The November stories ordered solely on my personal tastes.
- ‘Chickamauga’ by Ambrose Bierce
- ‘Paul’s Case’ by Willa Cather
- ‘The Veldt’ by Ray Bradbury
- ‘The Story Of An Hour’ by Kate Chopin
- ‘Of This Time, Of That Place’ by Lionel Trilling
- ‘The Nose’ by Nikolai Gogol
- ‘A White Heron’ by Sarah Orne Jewett
- ‘A Circle In The Fire’ by Flannery O’Connor
- ‘Going For A Beer’ by Robert Coover
- ‘Two Thanksgiving Gentlemen’ by O. Henry
- ‘Dawn Of Remembered Spring’ by Jesse Stuart
- ‘The Middle Years’ by Henry James
- ‘The Catbird Seat’ by James Thurber
- ‘The Wonderful Tar-Baby Story’ by Joel Chandler Harris
- ‘The Peach Stone’ by Paul Horgan
- ‘Tlon, Uqbar, Orbis Tertius’ by Jorge Luis Borges
- ‘An Old Fashioned Thanksgiving’ by Louisa May Alcott
- ‘Who Lived And Died Believing’ by Nancy Hale
- ‘The Devil And Tom Walker’ by Washington Irving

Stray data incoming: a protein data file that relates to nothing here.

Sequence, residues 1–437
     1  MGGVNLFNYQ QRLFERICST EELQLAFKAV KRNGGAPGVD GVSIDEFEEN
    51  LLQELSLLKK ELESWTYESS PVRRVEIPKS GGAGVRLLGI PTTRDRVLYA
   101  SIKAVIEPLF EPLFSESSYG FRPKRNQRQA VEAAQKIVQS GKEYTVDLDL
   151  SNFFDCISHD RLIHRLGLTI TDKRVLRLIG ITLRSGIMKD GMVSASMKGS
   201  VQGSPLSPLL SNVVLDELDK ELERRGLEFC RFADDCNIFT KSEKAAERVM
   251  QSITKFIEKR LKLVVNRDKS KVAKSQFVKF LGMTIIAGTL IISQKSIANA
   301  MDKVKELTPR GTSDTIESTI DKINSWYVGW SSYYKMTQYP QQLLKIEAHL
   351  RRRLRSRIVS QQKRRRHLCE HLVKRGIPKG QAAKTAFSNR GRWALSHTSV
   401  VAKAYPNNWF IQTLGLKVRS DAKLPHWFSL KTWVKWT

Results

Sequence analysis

- ‘The Facts Concerning The Recent Carnival Of Crime In Connecticut’ by Mark Twain
The Wonderful Tar-Baby Story by Joel Chandler Harris, 1881
The magic trick:
A very, very clever story
It is difficult to assess the Uncle Remus stories as literature without being overwhelmed by the both the racism of the Disney Song Of The South movie interpretation and the way Harris utterly co-opted these slave stories for the profit of white men. It’s like the white people got together and said, “You know what, wow, as if slavery wasn’t bad enough, let’s go steal all the culture you used to keep your sanity amidst the horror and use it for our own entertainment and profit.”
But if Short Story Magic Tricks could solve the ills of American society, well, this would be a far different (and more successful) blog. Instead, let’s just try to consider the story itself.
Flat out – the “Tar-Baby Story” is very, very clever. It’s smart, funny, memorable, classic. That’s really all there is to say about it. The plot is simple and clever, and its characters and lessons are applicable to pretty much life at any time in any place. And that’s quite a trick on Harris’s part (even if he undoubtedly stole it all from the true storytellers).
“’Skin me, Brer Fox,’ sez Brer Rabbit, sezee, ‘snatch out my eyeballs, t’ar out my years by de roots, en cut off my legs,’ sezee, ‘but do please, Brer Fox, don’t fling me in dat brier-patch,’ sezee.